Impact Evaluation Of Soil And Water Conservation Measures On Ecosystem Services In Thikachania Catchment, Kenya
Gathagu, John Ng'ang'a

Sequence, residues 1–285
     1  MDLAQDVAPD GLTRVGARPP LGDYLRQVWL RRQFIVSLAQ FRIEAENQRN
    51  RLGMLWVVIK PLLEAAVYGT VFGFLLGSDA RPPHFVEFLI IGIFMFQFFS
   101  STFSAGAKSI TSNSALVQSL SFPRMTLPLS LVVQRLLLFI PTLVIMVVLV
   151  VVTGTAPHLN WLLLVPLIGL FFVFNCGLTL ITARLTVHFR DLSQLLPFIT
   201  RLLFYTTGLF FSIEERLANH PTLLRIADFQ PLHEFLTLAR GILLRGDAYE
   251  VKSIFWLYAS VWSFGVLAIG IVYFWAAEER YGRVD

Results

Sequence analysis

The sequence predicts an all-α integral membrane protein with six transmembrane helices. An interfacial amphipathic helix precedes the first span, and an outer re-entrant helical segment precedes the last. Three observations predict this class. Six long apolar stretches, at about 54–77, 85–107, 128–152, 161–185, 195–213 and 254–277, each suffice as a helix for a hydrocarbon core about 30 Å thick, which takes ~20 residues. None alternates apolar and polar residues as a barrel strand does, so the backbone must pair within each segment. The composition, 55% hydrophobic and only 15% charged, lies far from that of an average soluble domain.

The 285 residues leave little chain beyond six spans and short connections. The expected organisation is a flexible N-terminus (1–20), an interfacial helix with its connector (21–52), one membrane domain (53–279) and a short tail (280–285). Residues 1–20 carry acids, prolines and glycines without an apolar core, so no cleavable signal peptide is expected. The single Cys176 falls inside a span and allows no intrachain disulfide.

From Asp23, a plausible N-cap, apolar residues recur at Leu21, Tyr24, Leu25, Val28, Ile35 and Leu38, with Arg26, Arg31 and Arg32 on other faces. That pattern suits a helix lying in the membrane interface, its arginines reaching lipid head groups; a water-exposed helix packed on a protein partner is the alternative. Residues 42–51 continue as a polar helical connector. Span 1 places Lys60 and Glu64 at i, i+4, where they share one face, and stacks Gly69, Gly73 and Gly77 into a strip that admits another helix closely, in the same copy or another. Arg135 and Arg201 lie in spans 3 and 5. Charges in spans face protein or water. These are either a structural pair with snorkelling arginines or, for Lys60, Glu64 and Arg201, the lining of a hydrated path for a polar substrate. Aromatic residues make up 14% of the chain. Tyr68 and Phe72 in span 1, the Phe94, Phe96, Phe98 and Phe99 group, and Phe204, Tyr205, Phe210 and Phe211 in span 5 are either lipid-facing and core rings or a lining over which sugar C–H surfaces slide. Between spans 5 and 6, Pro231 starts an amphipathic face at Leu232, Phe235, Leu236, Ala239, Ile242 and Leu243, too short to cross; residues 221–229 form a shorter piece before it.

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Across the world, ecosystem services such as water provision, sediment trapping and floods regulation are threatened by the increased degradation of catchments. This is as a result of increased pressure from population growth, improper farming methods and encroachment into riparian areas leading to soil erosion and water quality deterioration. These ecosystem services could be restored by implementing best management practices to enhance flow regulation and control sediment yield. In Thika-Chania catchment, the failing services are manifested in the deterioration of water quality, sedimentation of reservoirs and inadequate surface water in dry seasons. The aim of this study was to evaluate the impacts of implementing soil and water conservation measures on water and sediment yield. The Soil Water and Assessment Tool (SWAT) was used to evaluate contour farming, filter strips, terraces and grassed waterways on water and sediment yield. Calibration and validation of SWAT to simulate streamflow was conducted using SWATCUP-SUFI2 at RGS 4CB05. Results indicated respective monthly NSE, coefficient of determination and PBIAS of 0.66, 0.69 and 10.3 and 0.73, 0.75 and 7.2 during calibration and validation. Sediments calibration and validation was achieved using data obtained from a bathymetric survey conducted in the catchment. The average annual sediment yield was found to be 21.507 t/ha at the outlet of the catchment and average annual surface runoff of 202.28 mm. Model parameters were adjusted to simulate the impacts of contour farming, filter strips, terraces and grassed waterways. Terraces were found to be most effective in reducing sediment yield by 80.70% while grassed waterways, 3m-filter strips and contour farming reduced average annual sediment yield by 53.97%, 46.04% and 35.81%. A combination of various soil and water conservation methods were also evaluated. Surface runoff and total water yield was only influenced by contour farming and terraces. We concluded that soil and water conservation methods are effective in improving the provisioning and regulating services of the ecosystem. Combining more than one conservation method would have a greater impact on sediment yield reduction. A cost benefit analysis of the conservation methods need to be carried out before their implementation at the catchment or sub-catchment level.